Lawrence Vincent Kelly, founder and general manager of the Dallas Civic Opera, was born in Chicago, Illinois, on May 30, 1928. He was the son of Patrick James and Thelma (Seabott) Kelly. He was a student at Chicago Music College (1942–45) at the same time that he attended Loyola Academy, from which he graduated. He went to Georgetown University in Washington, D.C., and returned to Chicago in 1950 to assist in the family real estate business; upon his father's death he became business manager and later secretary-treasurer and director. He attended De Paul University Law School at night (1950–51), became a vice president and director of Dearborn Supply Company (1951–52), and established himself as an insurance broker in 1953.
In 1953 Kelly was a cofounder, with Nicola Rescigno and Carol Fox, of the Lyric Theatre of Chicago, an opera company of which he was secretary-treasurer from 1953 to 1956 and managing director from 1954 to 1956. For two years, under his guidance, Chicago was the scene of "some of the most brilliant nights of opera seen in the United States," according to one writer. In June 1956, however, the founders of the company had a disagreement, and Kelly and Rescigno resigned. Kelly moved to New York City where he stayed a year.
Considering where he might start a new opera company, he chose Dallas as a likely place. Through the efforts of music critic John Rosenfield, Kelly was brought to Dallas, and, in partnership with Nicola Rescigno, chartered the Dallas Civic Opera by March 1957. Kelly served as general manager, with Rescigno serving as artistic director and principal conductor. In November 1957 the company presented soprano Maria Callas in a concert; she had been presented by Kelly in her American debut three years earlier in Chicago. That first season only one opera, Rossini's L'Italiana in Algeri, was mounted; the cast was headed by Giulietta Simionato, and the production was designed and staged by Franco Zeffirelli, who made his American debut in it. This production set a quality standard for the future of the company, and Kelly's subsequent pattern of originality established the Dallas Civic Opera internationally. Over the next seventeen years Dallas opera lovers saw the American debut of such singers as Teresa Berganza, Jon Vickers, and Joan Sutherland. Kelly and Rescigno also introduced a distinguished group of theatrical directors and designers, and the company had its own scenic department, which built productions for other companies as well. Kelly was also a cofounder and director of the Performing Arts Foundation of Kansas City, Missouri.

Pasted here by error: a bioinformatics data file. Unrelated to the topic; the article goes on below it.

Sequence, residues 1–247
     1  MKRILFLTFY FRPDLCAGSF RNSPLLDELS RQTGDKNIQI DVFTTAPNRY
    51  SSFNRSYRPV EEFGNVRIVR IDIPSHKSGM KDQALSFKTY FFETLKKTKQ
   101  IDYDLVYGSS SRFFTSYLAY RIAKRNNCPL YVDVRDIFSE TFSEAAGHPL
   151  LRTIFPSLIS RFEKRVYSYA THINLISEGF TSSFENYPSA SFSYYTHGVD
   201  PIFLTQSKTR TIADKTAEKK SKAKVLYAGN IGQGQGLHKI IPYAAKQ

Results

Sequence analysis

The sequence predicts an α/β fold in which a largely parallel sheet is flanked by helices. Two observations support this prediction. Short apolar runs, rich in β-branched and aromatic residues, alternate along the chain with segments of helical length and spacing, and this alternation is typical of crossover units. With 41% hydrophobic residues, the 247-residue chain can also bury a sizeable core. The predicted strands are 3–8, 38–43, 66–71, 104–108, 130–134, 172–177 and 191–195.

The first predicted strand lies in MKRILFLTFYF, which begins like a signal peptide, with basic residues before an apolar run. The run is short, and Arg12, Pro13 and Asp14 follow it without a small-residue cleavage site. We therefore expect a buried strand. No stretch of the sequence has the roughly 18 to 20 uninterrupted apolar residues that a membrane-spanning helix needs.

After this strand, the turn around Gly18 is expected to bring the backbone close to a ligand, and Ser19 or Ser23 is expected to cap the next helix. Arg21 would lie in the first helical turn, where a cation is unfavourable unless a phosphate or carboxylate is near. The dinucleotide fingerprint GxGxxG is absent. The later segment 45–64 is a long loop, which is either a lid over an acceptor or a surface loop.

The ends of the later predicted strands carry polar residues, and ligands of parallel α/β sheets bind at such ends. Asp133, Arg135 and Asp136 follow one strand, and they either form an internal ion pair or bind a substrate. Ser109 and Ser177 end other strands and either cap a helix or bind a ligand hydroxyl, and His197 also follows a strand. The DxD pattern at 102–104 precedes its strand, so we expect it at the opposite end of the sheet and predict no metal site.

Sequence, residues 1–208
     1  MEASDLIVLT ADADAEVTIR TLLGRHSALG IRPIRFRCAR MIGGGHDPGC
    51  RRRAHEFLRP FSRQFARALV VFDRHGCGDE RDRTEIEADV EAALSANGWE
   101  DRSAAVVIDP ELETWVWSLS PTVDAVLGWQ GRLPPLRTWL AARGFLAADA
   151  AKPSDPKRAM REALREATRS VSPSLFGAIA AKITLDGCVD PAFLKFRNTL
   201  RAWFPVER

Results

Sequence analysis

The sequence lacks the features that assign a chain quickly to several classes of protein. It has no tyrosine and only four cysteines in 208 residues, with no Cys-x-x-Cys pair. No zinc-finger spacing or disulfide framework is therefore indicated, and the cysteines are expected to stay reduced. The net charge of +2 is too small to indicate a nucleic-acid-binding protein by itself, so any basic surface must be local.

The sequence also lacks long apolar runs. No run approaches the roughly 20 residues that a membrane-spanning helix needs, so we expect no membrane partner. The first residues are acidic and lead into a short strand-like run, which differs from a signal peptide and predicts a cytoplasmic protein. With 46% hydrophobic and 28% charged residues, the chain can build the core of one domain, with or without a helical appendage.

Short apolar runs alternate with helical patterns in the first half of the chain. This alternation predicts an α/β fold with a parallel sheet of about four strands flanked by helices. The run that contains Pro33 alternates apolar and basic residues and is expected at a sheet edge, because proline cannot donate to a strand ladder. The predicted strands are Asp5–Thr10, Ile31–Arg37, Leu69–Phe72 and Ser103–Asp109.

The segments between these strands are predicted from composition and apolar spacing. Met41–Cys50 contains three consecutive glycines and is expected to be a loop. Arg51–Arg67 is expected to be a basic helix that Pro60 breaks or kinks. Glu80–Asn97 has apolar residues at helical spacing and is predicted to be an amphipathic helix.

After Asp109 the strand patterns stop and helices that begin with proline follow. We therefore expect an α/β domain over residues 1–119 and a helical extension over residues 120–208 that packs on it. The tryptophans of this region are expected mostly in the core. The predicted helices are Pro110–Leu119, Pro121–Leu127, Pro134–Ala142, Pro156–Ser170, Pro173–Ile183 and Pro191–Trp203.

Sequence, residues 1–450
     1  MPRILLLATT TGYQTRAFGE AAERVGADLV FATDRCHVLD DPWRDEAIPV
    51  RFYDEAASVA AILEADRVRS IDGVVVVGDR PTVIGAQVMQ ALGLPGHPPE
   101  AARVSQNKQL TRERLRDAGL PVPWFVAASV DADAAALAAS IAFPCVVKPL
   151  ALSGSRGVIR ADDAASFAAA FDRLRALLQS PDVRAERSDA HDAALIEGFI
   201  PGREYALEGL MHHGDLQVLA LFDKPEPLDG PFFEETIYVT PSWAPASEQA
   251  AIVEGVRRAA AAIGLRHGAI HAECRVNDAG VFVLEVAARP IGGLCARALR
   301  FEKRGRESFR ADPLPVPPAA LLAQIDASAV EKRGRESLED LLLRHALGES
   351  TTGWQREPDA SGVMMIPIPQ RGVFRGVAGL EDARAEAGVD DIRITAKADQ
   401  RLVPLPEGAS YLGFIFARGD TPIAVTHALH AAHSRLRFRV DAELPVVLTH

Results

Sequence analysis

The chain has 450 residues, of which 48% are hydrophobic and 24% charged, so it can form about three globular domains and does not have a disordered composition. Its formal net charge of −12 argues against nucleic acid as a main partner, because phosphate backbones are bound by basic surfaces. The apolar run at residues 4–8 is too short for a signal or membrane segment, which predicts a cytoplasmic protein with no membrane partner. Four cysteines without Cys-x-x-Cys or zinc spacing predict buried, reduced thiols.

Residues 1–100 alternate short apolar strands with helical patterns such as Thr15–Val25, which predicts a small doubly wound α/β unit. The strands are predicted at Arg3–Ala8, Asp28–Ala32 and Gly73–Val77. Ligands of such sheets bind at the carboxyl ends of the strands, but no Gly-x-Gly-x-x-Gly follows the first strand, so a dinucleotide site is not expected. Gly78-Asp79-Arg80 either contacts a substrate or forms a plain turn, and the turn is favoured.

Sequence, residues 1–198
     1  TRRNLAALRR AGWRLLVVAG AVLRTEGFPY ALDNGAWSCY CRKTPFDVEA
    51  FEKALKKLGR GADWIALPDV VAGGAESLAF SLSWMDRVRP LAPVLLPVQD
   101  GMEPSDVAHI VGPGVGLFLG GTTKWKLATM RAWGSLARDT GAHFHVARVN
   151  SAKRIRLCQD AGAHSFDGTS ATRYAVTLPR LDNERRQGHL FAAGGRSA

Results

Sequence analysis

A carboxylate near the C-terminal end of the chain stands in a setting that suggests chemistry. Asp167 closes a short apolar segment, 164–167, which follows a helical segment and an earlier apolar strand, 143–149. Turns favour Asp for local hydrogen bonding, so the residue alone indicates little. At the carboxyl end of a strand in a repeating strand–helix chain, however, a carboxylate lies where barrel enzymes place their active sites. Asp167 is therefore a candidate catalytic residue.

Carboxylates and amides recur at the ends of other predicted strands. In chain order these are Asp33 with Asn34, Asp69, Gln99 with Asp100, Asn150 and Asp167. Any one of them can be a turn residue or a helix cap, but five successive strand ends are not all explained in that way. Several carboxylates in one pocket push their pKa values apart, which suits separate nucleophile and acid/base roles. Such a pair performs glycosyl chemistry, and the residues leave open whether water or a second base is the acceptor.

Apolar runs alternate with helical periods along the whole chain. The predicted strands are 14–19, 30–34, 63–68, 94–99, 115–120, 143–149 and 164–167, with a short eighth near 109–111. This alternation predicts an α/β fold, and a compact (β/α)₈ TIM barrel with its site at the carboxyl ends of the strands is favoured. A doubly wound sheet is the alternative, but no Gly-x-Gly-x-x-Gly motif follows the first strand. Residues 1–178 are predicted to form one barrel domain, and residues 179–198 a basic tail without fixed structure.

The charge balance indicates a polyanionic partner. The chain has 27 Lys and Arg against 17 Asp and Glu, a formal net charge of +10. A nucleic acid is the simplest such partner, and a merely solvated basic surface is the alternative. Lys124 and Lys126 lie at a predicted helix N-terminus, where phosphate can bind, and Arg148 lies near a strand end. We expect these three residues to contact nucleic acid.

Early in 1974 Kelly took on the job of acting manager of the Dallas Symphony Orchestra, which was in serious financial trouble. Several months later he became gravely ill and had to resign that position. He went to Kansas City, Missouri, for treatment and died there, on September 16, 1974. A requiem Mass was offered for him at Christ the King Catholic Church in Dallas on September 19, the day before he was buried in the family plot in Chicago.